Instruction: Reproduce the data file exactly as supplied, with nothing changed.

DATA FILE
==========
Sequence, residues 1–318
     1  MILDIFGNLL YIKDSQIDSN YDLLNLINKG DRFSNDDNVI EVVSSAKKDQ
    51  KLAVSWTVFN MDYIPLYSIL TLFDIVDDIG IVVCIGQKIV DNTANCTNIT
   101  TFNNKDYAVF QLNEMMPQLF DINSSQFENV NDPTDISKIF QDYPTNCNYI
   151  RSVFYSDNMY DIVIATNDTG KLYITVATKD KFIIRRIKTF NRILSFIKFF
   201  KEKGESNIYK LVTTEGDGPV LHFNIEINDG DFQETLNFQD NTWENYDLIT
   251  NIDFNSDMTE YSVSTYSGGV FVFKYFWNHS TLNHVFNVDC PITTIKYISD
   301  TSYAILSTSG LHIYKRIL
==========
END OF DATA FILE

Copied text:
Sequence, residues 1–318
     1  MILDIFGNLL YIKDSQIDSN YDLLNLINKG DRFSNDDNVI EVVSSAKKDQ
    51  KLAVSWTVFN MDYIPLYSIL TLFDIVDDIG IVVCIGQKIV DNTANCTNIT
   101  TFNNKDYAVF QLNEMMPQLF DINSSQFENV NDPTDISKIF QDYPTNCNYI
   151  RSVFYSDNMY DIVIATNDTG KLYITVATKD KFIIRRIKTF NRILSFIKFF
   201  KEKGESNIYK LVTTEGDGPV LHFNIEINDG DFQETLNFQD NTWENYDLIT
   251  NIDFNSDMTE YSVSTYSGGV FVFKYFWNHS TLNHVFNVDC PITTIKYISD
   301  TSYAILSTSG LHIYKRIL